Members of Council voiced their opinions on the added traffic and costs to Downtown.
“The communication wasn’t there, I mean I got complaints from businesses that said we had no business, we had no way of even getting our employees in here, so I think that should be the responsibility of the bookstore reimbursing the city for expenses we incurred,” said Councilman Doug Krause.
But the majority thought the benefits from his trip were worth the costs.
“The former President of the United States came to Naperville, that in itself is pretty cool. Lets not be pennywise and dollar foolish on this,” said Councilman Grant Wehrli.
Bigger budgetary discussions took place when council addressed their 2015 legislative action plan to determine how the city should be spending money and what developments were necessary moving forward.
Six capital projects were up for debate, ranging from healthcare and road improvement projects to a possible entertainment venue.
All would require either state or federal dollars, but council wanted to narrow the list to items that are important to Napervillians.
“We should stay focused on what we need for the residents of Naperville that have a direct impact of their lives right now. Entertainment isn’t a factor; travel around the city is very important and dealing with their health concerns to respond quickly. I would go with just four items and stay focused on that, because with the new Governor, I don’t know if we’ll get any money at all,” said Krause.
Ultimately council agreed, asking for funding for the following four projects for next year: a North Aurora road overpass, centralized traffic management system, a compressed natural energy fueling station and a mobile integrated healthcare unit.
Not making the cut was the highly debated potential CSO outdoor music venue in DuPage County, after multiple members of the public voiced their concerns for the wildlife that live in the proposed area.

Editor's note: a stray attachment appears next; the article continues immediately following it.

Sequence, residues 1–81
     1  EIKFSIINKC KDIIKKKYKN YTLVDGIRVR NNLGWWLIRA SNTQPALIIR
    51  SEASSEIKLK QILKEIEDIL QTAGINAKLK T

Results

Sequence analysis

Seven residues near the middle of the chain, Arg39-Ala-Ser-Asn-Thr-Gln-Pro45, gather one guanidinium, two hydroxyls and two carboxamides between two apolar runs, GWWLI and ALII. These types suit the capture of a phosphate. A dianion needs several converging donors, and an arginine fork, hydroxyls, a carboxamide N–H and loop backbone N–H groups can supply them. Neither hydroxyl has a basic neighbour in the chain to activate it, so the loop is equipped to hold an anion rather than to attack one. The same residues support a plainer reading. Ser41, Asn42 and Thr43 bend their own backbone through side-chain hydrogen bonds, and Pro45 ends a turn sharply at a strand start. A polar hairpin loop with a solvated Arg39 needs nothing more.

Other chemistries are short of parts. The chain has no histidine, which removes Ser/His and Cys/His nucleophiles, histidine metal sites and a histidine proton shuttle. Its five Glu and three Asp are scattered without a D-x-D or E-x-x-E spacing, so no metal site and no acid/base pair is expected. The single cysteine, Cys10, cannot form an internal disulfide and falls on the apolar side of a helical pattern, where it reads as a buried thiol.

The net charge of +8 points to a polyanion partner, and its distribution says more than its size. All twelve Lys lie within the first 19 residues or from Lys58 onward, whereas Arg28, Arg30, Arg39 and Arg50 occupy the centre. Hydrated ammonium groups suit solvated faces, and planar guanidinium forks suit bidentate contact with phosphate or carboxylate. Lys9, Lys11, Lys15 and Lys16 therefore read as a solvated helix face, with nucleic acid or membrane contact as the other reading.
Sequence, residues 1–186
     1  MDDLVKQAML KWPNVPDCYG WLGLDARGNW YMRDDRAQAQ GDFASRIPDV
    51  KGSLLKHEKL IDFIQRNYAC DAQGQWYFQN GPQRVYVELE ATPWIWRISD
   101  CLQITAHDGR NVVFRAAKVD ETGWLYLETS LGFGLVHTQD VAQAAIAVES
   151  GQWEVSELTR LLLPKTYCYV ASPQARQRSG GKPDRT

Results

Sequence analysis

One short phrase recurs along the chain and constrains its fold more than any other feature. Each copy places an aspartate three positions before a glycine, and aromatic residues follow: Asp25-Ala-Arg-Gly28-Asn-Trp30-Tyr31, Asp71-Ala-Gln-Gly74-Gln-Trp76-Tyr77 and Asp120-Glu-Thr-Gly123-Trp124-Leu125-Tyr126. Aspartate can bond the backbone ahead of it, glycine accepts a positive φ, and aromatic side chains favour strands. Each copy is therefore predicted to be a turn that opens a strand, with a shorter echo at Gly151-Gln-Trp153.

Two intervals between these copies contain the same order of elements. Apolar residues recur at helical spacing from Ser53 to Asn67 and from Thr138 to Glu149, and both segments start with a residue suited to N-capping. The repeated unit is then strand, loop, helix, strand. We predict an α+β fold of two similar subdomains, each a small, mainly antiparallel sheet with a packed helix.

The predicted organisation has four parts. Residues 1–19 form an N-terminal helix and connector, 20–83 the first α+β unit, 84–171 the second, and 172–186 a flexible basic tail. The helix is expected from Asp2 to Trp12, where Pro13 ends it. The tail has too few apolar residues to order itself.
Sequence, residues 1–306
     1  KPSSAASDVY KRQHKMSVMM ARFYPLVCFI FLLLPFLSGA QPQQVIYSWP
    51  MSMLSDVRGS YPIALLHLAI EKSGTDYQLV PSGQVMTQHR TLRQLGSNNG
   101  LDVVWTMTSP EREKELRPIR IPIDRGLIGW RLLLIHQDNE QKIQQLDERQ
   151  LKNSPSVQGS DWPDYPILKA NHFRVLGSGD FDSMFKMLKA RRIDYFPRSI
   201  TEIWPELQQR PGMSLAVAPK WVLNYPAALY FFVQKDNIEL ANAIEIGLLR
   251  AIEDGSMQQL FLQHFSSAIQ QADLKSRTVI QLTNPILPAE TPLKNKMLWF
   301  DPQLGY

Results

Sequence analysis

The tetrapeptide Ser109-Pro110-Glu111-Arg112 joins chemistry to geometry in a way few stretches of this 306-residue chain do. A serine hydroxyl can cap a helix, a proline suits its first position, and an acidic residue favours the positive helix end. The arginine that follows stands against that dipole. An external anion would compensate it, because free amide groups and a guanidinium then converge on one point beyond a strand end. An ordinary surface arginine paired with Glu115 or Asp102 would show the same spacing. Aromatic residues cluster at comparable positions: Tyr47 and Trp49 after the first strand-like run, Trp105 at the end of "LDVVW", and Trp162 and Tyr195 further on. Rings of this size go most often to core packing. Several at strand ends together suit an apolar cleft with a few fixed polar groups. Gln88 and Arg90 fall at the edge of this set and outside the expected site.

“The Egret and the Blue Heron do not tolerate humans of any kind, especially while on their nest. They will abandon their chicks and their eggs if there are humans around there so it’s a big concern for me to see that this rookery be destroyed because of a few months out the year the CSO has a venue there, so I just can’t see that,” said Judy Nesbitt, Naperville Resident.
Councilman Grant Wehrli agreed that it wouldn’t be a good decision, but not because of the wildlife issue.
“Would you be ok with Senate Bill 16 passing and we lose $9.4 million every year, but in return we get $12 million back once for a music venue? Lets just not focus on what’s here but how this interplays with everything else,” said Wehrli.
Council agreed to set position statements for the CSO venue and an agricultural center at Naper Settlement, meaning they would support the idea but not ask for funding.
Other news of the night revolved around the city’s proposed property tax levy of almost $50 million.
This adds up to the average homeowner of a $367,000 home paying an increase of $24 dollars.
The levy would support the city’s 2016 fiscal year budget as well as the libraries, Naper Settlement and pension obligations. But some council members argued that the rising debt rung up by the city requires further action.
“We’ve now used all of our savings, we’re down to our required reserves, we have increased our debt significantly over the last ten years and you know it’s no different than a household budget, get rid of your savings and you run up your credit card debt, it’s kind of what we’re looking at right now,” said Councilman Steve Chirico.
Despite the cautionary note from Chirico, council voted six to three to approve the tax levy.
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